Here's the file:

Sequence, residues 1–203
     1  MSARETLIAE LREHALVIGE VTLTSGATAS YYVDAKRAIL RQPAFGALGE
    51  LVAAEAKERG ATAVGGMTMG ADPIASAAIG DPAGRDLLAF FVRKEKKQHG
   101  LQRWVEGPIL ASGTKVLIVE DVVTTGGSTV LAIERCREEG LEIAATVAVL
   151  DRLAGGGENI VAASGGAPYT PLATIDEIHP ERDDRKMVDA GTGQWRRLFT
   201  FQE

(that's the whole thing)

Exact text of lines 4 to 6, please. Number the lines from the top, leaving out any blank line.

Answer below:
   101  LQRWVEGPIL ASGTKVLIVE DVVTTGGSTV LAIERCREEG LEIAATVAVL
   151  DRLAGGGENI VAASGGAPYT PLATIDEIHP ERDDRKMVDA GTGQWRRLFT
   201  FQE